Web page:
One-Minute Book Reviews

May 5, 2022

How a Drug Startup Scammed Patients, Doctors, and Insurers Until Its Founder Got Caught

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If you love to read good books about crooks, the American drug companies are the gift that keeps on giving. Last year’s hit was Patrick Radden Keefe’s Empire of Pain: The Secret History of the Sackler Dynasty, a story of the misdeeds by the OxyContin maker Purdue Pharma, which became finalist for the National Book Critics Circle Award for nonfiction and winner of other honors.

Now comes Evan Hughes’ The Hard Sell, a story of crime and punishment at Insys Therapeutics, the once high-flying drug startup that in some ways makes Purdue Pharma look a choir of angels. Founder John Kapoor is doing five-and-a-half years in a federal prison, and more than two dozen of his executives, sales reps, and doctors were convicted of crimes related to illegal promotions of the company’s signature drug, Subsys, a fast-acting opioid linked to more than 100 deaths, according to an investigation by Frontline for PBS.

Interesting in reading more? Here’s my take on the scandals on Medium:

https://janiceharayda.medium.com/how-a-drug-startup-screwed-patients-doctors-and-insurers-33d33aabda2b

May 18, 2012

What I’m Reading … Susan Gubar’s ‘Memoir of a Debulked Woman: Enduring Ovarian Cancer’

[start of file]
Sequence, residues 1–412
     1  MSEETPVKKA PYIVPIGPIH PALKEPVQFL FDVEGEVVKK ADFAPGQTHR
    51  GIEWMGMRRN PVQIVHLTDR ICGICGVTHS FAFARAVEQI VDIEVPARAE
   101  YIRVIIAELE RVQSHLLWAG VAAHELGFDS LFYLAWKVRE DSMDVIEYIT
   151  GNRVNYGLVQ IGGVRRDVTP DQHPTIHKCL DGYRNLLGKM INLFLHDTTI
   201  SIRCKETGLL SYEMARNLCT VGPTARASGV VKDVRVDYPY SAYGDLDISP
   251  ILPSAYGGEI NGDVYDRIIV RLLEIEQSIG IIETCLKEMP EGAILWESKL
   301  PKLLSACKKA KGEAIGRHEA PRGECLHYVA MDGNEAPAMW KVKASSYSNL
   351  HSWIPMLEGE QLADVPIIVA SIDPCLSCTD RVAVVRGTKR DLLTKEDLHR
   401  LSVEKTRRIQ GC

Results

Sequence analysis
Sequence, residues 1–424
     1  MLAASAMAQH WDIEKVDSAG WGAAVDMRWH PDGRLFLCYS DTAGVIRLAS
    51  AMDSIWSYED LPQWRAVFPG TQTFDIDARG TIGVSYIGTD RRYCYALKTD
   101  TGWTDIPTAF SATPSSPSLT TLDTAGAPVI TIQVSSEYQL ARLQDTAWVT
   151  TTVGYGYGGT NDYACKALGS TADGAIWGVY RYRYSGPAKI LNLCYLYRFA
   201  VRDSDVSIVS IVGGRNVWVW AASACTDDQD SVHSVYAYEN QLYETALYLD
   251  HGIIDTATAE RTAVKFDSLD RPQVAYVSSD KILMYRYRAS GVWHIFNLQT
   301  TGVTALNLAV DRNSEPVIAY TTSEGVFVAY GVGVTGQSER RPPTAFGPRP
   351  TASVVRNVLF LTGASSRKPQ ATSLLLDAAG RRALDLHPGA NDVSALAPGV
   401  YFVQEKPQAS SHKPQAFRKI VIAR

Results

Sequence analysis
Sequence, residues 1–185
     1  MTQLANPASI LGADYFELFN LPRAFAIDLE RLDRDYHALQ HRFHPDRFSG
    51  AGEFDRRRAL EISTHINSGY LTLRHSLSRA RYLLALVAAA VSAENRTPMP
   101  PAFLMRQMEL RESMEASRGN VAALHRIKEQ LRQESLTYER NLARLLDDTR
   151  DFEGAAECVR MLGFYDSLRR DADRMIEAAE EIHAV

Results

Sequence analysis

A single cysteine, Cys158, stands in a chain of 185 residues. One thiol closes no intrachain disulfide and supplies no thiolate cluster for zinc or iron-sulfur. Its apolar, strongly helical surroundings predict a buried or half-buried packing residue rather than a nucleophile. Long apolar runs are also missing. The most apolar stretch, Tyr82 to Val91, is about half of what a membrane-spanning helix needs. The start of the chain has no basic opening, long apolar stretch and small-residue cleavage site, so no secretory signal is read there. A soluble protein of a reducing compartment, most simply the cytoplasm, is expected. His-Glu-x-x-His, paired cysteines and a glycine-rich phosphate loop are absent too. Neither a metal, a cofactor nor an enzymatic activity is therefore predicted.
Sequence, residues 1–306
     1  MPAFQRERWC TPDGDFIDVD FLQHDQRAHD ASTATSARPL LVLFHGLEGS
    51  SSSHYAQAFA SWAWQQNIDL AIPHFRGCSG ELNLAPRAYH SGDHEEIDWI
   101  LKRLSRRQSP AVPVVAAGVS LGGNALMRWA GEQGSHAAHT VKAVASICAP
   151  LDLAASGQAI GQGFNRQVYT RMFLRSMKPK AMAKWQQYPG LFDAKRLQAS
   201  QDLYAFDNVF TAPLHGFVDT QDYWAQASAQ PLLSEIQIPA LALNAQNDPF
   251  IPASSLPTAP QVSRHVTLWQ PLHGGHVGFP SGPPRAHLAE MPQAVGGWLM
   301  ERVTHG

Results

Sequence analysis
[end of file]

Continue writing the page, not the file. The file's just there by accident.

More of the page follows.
Filed under: Memoirs,Nonfiction,What I'm Reading,Women — 1minutebookreviewswordpresscom @ 1:39 pm
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“What I’m Reading” is a series about books I’m reading that I may or may not review later

What I’m reading: Memoir of a Debulked Woman: Enduring Ovarian Cancer (Norton, 296 pp., $24.95), by Susan Gubar.

What it is: A feminist scholar’s memoir of the medical “calamities” she endured after undergoing the standard medical treatment for advanced ovarian cancer, known as debulking surgery.

Why I’m reading it: Few authors have written in depth about having advanced ovarian cancer, partly because few women survive the disease long enough to do it.

Quote from the book: “the state of contemporary approaches to ovarian cancer is a scandal.”

Probability that I will review the book: 100%

Publication date: April 2012

Read an excerpt from Memoir of a Debulked Woman or learn more about the book.

About the author: Gubar co-write The Madwoman in the Attic: The Woman Writer and the Nineteenth-Century Literary Imagination, a book widely used in college classes.